The best comedy debut for a network television show in a very, very long time.
It seems like every month we have a new zombie or apocalyptic movie or television show. The Last Man on Earth takes this premise that feels so worn out and over used and makes it fresh, funny and irresistible.
Will Forte of SNL and MacGruber fame plays Phil Miller, the seemingly “last man” on Earth. Truly. The show opens with Phil driving across the country searching for any remaining human beings. When he’s unsuccessful, he leaves a note on every state line sign saying “Alive in Tucson.” As in Tucson, Arizona where he has taken up residence.
We don’t know anything of what happened to the rest of the human race except that the show starts off in 2020, a year after the virus. That’s it. Nothing else. We know Phil had a family, but was unmarried and didn’t have any kids. He’s all alone now.
And apparently, he’s glad he’s alone as he tells God he doesn’t need anyone. He’ll be just fine. But six months later, his humanity seems to be disappearing at a faster rate than he expected. He’s drunk all day and trashes his home, even turning his swimming pool into the “poop pool.”
I don’t want to ruin anything so I’ll stop writing about the plot here, but read below the spoiler alert for more discussion.
The talent at work in the show is extraordinary. Will Forte both stars and is the creator. He’s perfect for the role playing someone we can all connect to, despite being an overgrown child. The pop culture references are great as are the jokes. It never feels boring even though Forte is the only one on screen.
Beyond Forte, Phil Lord and Christopher Miller, the creative team behind such hits as The Lego Movie, 21 and 21 Jump Street, and Cloudy with a Chance of Meatballs, clearly have their hand in the show. They’re geniuses when it comes to premises that seem worn out and making them fresh and funny. They know their pop culture and are so in tune with what makes an audience laugh and makes an audience connect with their characters that it is astonishing.
The show has so many places it can go on such a thin premise. And it’s the genius of Forte, Miller and Lord that we can thank for it. I can’t wait to watch more.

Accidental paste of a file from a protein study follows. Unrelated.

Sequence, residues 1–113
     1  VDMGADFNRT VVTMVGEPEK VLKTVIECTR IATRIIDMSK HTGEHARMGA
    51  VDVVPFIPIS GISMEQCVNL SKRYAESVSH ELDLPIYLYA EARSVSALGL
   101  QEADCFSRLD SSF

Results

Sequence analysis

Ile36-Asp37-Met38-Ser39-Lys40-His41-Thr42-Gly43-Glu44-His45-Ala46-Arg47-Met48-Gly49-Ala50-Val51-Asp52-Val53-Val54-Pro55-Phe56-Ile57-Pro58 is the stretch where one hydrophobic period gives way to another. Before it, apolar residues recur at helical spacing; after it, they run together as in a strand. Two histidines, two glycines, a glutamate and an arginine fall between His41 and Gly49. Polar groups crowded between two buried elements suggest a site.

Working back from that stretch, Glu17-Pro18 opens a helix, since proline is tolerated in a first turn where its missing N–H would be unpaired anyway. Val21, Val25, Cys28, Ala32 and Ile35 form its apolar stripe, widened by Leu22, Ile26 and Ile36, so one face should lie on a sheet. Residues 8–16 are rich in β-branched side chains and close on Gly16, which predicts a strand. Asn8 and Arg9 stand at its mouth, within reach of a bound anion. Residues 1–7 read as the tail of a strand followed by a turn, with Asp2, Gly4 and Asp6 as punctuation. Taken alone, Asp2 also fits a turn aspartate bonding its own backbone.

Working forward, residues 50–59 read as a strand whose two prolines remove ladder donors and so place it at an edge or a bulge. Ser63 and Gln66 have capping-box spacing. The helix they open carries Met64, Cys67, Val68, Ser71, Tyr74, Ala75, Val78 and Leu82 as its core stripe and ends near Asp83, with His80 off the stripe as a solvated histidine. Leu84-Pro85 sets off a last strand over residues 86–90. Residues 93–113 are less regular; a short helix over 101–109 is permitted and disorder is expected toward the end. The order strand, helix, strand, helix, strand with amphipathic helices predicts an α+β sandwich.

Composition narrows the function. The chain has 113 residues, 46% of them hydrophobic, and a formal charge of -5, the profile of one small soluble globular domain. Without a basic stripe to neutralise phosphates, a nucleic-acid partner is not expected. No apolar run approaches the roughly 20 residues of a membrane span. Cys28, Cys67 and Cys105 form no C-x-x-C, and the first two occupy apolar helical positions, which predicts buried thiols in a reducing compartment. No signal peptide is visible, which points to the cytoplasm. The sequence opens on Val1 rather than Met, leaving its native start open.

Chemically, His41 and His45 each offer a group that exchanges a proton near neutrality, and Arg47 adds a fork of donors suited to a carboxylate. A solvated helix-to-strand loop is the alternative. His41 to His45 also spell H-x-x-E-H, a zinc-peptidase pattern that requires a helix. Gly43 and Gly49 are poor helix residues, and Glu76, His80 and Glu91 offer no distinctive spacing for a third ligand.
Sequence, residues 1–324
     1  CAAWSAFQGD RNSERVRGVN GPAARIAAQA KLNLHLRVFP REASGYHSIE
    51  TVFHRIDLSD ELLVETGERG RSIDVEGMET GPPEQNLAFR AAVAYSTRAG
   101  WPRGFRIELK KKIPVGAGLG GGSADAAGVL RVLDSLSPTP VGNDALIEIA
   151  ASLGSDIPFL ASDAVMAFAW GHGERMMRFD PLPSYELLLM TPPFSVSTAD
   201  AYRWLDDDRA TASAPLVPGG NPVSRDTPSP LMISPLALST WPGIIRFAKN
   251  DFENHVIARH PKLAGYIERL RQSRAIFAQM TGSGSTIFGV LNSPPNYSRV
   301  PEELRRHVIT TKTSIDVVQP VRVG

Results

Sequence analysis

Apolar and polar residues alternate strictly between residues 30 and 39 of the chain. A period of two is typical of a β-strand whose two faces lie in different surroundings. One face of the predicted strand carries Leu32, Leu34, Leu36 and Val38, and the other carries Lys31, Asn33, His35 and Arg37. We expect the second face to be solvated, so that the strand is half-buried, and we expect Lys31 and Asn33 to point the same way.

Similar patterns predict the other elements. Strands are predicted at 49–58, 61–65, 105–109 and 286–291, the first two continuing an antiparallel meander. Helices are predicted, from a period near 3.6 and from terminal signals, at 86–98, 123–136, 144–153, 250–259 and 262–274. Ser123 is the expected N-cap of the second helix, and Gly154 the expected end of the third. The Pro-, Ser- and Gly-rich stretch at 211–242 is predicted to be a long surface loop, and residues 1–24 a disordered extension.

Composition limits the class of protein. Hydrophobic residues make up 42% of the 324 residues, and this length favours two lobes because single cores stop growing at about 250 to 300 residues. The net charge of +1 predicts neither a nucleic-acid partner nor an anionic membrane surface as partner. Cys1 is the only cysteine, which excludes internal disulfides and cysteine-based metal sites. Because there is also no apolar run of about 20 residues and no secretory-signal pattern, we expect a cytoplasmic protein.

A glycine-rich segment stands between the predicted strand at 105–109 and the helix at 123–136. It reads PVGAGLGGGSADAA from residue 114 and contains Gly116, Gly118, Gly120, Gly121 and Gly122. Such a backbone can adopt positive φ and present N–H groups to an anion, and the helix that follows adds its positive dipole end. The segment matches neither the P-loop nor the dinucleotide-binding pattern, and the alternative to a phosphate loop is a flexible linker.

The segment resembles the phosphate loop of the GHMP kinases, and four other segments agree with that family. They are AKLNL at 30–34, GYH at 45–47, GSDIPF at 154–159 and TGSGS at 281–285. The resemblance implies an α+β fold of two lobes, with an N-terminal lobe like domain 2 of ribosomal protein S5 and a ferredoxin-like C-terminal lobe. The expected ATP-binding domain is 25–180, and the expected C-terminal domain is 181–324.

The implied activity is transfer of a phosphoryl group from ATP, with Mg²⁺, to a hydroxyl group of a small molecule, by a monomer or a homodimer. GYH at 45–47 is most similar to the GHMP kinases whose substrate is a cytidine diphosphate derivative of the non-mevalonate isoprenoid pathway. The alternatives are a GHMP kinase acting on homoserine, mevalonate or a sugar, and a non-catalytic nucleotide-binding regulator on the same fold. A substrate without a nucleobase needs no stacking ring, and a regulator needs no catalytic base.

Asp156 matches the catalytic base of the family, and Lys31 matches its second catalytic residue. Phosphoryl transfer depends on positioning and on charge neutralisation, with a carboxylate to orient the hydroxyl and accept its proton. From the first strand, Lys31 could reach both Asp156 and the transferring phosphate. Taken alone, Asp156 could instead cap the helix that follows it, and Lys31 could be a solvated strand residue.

Which brings me to the SPOILER ALERT (scroll down to keep reading):
The show debuted with the first two episodes and there’s no way I can write about the pilot without also getting to discuss some of the plot points in the second episode.
So, the first episode ends with Phil trying to kill himself but stopping because he spots smoke from a campfire. At the start of the second episode, Phil is rushing to the source of the smoke, where he comes across a woman. Carol. The biggest wish in his life. He might be the last man on earth, but she’s the last woman. And she’s annoying as hell.
Despite Carol’s annoying nature, Phil is a slob who doesn’t care about anything approaching cleanliness or following rules but has fun however he likes. Carol on the other hand wants Phil to stop at stop signs, corrects his grammar and calls a tomato “toe-maa-toe.”
So, they’re the last man and woman alive, which Carol reminds Phil means they have to repopulate the world. But they kind of hate each other so Phil is at ease letting humanity die off with him and Carol.
Soon, Carol is moving in next door to Phil and trying to connect with him, which Phil wants nothing to do with. But he can’t help himself, and they are quickly engaged. They’re like Adam and Eve but with 7-11’s.
All of this feels expected in a way, but it’s the good kind of expected as the storytellers are guiding us there. None of the plot twists feel cheap but instead feel organic to the characters and the situation they are in.
Seriously, this premise is so great and leaves so much room for the show to find stories. Forte was smart in his creation for the show because he doesn’t overload the pilot or second episode with much back story or exposition. We don’t know how people died. Or what each character’s life was like before the apocalypse. And that’s perfectly okay because we know the show will let us know all of this eventually however it chooses to do so. There’s no rush as it’s such a good time spending time with these two characters. And I hope we get to spend a long time with Phil and Carol.